U.S. Consumers Optimistic About Holidays

Deloitte's most recent survey showed that American consumers were more optimistic about the economy as the holiday shopping season kicks off. The annual holiday survey released on Wednesday showed fears about the recession slowly subsiding, with about 54 percent of the participants expecting the economy to improve in 2010. This compared with just 28 percent responding favorably last year.

The Deloitte survey indicates that more than half of consumers -- about 51 percent of those surveyed -- hope to spend more or the same on the holidays, an improvement from last-year's 41 percent, Deloitte said. Consumers' total anticipated holiday spending at $1,145, a 16 percent increase over last year.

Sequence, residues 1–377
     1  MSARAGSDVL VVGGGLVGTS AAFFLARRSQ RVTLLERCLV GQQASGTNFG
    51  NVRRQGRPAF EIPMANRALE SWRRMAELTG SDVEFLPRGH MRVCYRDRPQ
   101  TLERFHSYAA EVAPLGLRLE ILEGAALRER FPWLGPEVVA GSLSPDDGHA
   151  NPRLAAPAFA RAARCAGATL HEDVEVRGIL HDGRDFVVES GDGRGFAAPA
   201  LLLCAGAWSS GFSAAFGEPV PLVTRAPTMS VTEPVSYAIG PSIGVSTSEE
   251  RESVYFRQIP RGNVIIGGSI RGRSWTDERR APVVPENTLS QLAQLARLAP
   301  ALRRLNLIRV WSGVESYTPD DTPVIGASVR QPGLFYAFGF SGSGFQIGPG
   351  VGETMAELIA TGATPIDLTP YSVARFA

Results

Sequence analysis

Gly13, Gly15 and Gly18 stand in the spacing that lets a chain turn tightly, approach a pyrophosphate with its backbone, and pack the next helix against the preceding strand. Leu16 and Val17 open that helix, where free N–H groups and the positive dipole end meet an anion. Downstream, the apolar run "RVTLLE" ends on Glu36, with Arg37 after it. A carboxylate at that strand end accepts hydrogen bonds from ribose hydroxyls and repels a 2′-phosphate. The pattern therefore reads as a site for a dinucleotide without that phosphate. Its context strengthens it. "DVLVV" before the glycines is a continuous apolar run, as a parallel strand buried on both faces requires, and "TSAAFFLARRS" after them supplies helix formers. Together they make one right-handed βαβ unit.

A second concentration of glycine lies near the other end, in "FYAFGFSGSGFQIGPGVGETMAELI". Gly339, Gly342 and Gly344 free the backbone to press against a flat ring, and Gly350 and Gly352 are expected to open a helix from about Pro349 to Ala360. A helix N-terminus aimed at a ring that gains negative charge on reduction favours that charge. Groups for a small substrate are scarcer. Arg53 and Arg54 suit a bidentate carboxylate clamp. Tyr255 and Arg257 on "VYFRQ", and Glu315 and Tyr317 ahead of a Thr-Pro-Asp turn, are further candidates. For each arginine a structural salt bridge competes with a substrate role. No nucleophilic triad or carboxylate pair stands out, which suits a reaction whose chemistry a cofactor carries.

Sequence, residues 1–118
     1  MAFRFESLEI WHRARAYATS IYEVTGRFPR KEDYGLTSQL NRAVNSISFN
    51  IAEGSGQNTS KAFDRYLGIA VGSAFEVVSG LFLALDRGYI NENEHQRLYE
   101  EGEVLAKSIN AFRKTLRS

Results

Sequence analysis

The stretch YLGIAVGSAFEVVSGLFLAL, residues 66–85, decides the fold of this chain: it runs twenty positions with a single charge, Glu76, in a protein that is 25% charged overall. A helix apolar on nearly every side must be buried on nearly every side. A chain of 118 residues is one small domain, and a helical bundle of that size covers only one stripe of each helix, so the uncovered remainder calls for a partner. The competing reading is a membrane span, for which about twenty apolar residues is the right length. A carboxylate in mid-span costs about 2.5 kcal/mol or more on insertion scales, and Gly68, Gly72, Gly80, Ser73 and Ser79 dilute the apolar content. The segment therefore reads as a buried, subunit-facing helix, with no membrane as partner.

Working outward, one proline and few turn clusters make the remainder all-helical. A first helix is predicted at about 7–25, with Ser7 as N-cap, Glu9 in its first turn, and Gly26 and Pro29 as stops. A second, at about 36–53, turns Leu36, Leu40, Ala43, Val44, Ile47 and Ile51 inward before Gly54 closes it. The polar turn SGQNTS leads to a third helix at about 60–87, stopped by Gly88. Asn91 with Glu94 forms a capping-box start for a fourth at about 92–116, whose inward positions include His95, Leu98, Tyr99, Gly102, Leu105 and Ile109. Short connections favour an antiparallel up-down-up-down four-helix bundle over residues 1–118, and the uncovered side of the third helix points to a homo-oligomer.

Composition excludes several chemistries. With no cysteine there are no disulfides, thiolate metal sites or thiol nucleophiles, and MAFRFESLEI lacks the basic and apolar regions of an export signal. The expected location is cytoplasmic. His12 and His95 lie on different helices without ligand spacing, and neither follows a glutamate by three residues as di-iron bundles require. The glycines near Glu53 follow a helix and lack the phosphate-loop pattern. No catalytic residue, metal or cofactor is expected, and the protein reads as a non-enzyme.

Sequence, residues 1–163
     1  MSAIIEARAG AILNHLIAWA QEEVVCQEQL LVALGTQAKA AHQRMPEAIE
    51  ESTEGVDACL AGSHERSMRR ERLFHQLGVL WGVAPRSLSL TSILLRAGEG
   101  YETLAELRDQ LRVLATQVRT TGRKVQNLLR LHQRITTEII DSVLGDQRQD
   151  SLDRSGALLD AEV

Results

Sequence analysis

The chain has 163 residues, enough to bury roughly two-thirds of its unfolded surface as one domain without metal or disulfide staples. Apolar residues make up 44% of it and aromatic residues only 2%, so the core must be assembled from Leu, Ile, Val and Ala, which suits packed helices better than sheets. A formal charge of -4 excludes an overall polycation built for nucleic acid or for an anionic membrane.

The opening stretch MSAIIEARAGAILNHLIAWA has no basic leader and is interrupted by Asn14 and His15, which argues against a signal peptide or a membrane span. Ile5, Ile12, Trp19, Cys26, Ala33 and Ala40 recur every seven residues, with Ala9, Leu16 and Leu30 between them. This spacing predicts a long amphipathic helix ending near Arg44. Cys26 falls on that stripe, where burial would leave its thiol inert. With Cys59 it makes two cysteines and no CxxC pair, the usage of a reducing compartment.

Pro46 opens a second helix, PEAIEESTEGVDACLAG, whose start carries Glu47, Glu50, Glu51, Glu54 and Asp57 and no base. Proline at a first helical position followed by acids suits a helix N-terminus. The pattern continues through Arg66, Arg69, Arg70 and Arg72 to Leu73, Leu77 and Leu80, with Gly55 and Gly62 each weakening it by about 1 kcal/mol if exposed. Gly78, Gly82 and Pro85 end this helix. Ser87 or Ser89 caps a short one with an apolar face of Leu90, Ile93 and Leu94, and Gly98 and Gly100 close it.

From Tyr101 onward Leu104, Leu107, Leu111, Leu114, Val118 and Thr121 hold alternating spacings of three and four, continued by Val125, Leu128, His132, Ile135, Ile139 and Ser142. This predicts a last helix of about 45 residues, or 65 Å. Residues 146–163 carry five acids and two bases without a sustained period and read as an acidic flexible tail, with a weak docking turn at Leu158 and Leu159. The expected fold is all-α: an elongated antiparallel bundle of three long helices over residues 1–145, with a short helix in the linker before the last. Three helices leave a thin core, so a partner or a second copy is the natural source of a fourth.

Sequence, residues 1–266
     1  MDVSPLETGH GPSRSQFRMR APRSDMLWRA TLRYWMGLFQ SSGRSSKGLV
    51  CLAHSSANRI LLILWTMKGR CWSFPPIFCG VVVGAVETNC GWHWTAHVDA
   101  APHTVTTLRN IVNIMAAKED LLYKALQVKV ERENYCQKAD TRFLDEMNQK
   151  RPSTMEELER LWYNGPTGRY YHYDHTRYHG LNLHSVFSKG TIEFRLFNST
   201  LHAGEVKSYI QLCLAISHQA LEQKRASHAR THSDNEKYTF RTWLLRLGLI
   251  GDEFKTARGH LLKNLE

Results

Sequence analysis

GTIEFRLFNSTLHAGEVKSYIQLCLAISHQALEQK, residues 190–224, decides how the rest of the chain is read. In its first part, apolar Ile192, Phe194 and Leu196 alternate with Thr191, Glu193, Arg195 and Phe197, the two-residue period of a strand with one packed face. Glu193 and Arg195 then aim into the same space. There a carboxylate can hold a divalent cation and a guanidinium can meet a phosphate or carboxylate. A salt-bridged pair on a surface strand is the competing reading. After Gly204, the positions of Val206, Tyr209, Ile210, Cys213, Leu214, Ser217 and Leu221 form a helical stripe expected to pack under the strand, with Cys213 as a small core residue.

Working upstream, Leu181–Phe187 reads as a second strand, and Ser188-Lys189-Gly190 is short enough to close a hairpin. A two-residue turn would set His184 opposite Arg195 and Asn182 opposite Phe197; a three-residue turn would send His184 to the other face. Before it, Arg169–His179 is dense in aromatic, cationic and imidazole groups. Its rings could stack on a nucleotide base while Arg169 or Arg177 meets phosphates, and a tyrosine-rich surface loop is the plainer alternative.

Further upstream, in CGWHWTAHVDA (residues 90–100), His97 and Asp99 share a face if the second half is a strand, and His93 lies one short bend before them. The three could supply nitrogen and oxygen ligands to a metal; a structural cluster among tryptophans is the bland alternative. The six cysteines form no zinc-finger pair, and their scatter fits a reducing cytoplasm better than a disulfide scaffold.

Nongift categories such as socializing away from home, entertaining, nongift clothing and home/holiday furnishings, will be popular, according to Deloitte.

The American consumer will however continue to remain focused on the price-value equation and hunt for bargains.

Two-thirds of those surveyed said they planned to shop differently due to concerns about the economy. While 74 percent of these shoppers said they planned to buy items on sale, a good 57 percent said they will look for lower-priced items.

The survey showed gift cards as the top gift choice -- for the sixth year in a row -- with 64 percent of consumers planning to buy them as presents. Deloitte stated the convenience factor, the ease of purchasing them in so many different venues and getting them to the recipients very easily keeps as the top reasons why gift card remain popular.